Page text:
Published in the American Journal of Clinical Nutrition, the randomised crossover study involved the recruitment of 67 volunteers in Spain considered to be at a ‘high risk’ of CVD.
This was due to increased BMI, smoking, diabetes and hypertension, alongside other risk factors; around 50% were taking ACE inhibitors, statins, aspirin and/or hypoglycemic drugs.
After agreeing not to consume alcohol during a baseline period, the subjects then drank 30g per day of alcohol as red wine or gin, or an equivalent amount of phenolics from dealcoholised red wine.
High compliance with the assigned interventions was reported, due to such factors as the return of empty bottles signifying participation, dietary records and assessment of urinary metabolites.
There was also strong evidence that there were no fundamental changes between dosage periods in regard to diet or exercise habits.
The effects of each intervention on a large number of adhesion molecules and chemokines that affect inflammation (and relate to the development of vascular disease) were evaluated.
Both the alcoholic and non-alcoholic red wines had equal amounts of phenolics, and the results showed that both ethanol and non-alcoholic compounds in red wine had potentially protective effects that may reduce the risk of vascular disease.
Chiva-Blanch et al. summed up their results thus: “The phenolic content of red wine may modulate leukocyte adhesion molecules, whereas both ethanol and polyphenols of red wine may modulate soluble inflammatory mediators in patients at high risk of cardiovascular disease.”
One academic reviewer for the International Scientific Forum on Alcohol Research (ISFAR) said: “This…paper goes a way towards answering whether it is alcohol or polyphenols in red wine that confer the health benefits,” while another called for further information on separating the effects of beer, wine and spirits.
“Some spirits like brandy and whisky can have useful antioxidant effects, so distinguishing effects among different types of benefits may be informative,” the second reviewer said.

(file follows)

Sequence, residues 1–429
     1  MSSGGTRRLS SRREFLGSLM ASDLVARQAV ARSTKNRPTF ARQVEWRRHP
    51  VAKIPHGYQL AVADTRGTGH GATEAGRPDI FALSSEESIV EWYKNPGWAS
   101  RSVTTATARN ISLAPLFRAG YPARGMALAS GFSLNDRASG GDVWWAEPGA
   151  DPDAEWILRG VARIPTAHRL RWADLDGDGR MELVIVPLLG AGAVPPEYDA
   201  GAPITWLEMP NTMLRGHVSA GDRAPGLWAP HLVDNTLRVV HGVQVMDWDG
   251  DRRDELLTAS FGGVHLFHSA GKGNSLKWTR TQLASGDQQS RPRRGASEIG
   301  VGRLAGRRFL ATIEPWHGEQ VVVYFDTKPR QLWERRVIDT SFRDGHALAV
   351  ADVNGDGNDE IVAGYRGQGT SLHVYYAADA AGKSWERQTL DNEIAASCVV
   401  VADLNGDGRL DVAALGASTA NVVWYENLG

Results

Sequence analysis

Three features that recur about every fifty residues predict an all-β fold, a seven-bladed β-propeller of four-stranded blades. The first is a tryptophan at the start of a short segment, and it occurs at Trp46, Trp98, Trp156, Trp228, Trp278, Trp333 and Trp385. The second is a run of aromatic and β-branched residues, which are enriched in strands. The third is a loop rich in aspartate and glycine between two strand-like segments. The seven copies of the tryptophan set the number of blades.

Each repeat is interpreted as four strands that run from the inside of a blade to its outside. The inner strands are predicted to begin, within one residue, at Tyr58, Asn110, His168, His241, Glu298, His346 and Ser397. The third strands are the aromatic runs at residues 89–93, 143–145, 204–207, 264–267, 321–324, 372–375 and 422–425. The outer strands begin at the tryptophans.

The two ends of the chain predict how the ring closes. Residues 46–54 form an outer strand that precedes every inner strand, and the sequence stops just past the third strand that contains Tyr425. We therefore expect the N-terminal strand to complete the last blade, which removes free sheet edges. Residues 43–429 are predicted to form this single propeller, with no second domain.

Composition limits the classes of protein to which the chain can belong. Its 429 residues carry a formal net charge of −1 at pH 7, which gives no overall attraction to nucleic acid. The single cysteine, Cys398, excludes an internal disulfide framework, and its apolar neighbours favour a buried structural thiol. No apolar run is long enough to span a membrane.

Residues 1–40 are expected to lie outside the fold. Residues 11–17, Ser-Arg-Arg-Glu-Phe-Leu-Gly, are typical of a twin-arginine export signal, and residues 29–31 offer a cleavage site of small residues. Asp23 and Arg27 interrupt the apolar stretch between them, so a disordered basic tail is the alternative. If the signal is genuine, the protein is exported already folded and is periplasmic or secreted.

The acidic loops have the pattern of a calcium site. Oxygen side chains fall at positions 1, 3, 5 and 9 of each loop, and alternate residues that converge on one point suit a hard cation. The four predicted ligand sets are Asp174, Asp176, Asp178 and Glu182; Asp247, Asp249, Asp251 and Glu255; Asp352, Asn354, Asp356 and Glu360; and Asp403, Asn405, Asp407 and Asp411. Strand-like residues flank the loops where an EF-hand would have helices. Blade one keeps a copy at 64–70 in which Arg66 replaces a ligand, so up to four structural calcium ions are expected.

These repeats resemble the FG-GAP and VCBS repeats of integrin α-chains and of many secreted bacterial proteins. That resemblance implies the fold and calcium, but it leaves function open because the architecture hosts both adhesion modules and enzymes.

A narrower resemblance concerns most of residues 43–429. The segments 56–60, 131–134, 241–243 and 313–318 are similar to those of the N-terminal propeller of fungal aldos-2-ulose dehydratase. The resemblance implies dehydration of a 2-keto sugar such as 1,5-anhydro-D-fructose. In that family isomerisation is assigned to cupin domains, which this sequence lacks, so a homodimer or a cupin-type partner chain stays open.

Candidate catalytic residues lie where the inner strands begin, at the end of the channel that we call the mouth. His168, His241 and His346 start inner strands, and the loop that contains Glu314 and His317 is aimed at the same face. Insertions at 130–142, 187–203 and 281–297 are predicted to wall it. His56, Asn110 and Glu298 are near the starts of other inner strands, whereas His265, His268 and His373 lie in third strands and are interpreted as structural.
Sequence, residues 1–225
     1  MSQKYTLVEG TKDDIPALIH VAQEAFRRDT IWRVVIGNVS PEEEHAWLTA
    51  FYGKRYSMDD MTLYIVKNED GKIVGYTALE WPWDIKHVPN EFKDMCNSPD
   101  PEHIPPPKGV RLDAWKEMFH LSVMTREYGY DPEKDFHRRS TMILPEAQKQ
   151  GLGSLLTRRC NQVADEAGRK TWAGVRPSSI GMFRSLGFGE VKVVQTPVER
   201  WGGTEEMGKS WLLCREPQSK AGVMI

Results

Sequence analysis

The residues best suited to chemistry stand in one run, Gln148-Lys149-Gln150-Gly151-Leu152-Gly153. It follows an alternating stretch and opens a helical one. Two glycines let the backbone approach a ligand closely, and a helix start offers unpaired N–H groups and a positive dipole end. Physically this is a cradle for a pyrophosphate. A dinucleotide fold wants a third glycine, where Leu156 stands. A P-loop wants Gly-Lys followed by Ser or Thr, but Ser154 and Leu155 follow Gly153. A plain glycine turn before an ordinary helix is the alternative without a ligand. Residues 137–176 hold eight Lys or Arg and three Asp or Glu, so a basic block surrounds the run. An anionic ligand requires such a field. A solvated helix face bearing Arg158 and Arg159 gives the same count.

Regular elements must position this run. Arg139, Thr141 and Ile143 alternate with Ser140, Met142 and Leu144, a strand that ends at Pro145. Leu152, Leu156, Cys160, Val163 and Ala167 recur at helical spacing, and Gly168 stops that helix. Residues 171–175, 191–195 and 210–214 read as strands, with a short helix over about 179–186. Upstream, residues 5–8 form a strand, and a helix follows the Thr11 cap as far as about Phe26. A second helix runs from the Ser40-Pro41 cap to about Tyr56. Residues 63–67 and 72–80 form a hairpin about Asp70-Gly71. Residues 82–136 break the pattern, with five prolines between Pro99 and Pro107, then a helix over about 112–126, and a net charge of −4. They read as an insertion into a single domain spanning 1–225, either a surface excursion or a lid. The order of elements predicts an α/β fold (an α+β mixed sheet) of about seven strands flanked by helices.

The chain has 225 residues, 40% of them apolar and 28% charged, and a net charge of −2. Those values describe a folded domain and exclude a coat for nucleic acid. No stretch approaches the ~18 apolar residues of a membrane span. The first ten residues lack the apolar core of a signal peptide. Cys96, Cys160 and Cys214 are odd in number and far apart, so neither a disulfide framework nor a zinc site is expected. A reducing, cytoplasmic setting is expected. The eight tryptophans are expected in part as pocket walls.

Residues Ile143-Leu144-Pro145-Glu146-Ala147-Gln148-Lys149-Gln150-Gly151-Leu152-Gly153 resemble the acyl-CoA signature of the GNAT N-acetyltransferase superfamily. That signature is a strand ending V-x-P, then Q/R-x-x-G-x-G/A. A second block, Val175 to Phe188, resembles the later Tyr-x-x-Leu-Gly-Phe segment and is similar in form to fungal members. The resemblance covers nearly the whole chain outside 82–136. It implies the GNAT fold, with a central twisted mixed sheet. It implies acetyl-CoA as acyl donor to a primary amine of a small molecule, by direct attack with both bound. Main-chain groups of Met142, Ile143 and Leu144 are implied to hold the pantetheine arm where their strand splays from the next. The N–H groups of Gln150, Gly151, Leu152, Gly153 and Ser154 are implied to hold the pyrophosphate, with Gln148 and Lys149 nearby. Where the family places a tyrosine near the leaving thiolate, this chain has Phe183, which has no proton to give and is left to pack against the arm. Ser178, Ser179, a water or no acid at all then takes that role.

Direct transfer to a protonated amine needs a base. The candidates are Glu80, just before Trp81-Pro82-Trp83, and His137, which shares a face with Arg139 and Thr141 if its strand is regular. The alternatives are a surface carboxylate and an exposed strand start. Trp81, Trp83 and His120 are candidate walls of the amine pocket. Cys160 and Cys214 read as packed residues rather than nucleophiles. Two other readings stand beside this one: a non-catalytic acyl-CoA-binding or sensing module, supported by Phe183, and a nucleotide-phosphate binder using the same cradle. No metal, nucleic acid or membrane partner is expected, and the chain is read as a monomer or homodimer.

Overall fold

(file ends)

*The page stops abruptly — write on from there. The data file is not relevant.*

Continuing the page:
New mechanistic evidence
The overall ISFAR summary of the paper – collating various comments by international specialists – praised it design for breaking with an observational epidemiological study [of health events or determinant patterns] mould that had one marked drawback.
Such studies, “of necessity, compare people who prefer certain beverages, but not the beverages themselves. While there have been many intervention trials in animals, randomised trials in humans are less common," the team wrote.
It added: “Randomised crossover trials, in which each subject receives all interventions in sequence, can be especially important as they tend to avoid baseline differences among subjects, and can detect effects of different interventions with a smaller number of subjects.”
“Thus, this study provides important new mechanistic evidence that the reduced risk of cardiovascular disease among red wine drinkers observed in most epidemiologic studies may result from a combination of both the alcohol and the polyphenols in the wine.”
Title: ‘Differential effects of polyphenols and alcohol of red wine on the expression of adhesion molecules and inflammatory cytokines related to atherosclerosis: a randomized clinical trial’
Authors: G. Chiva-Blanch, M. Urpi-Sarda, R.Llorach, M.Rotches-Ribalta, M.Guillèn, R.Casas, S.Arranz, P.Valderas-Martinez, O.Portoles, D.Corella, F.Tinahones, R.M. Lamuela-Raventos, C. Andres-Lacueva, R. Estruch
Source: American Journal of Clinical Nutrition (2012) doi: 10.3945/ajcn.111.022889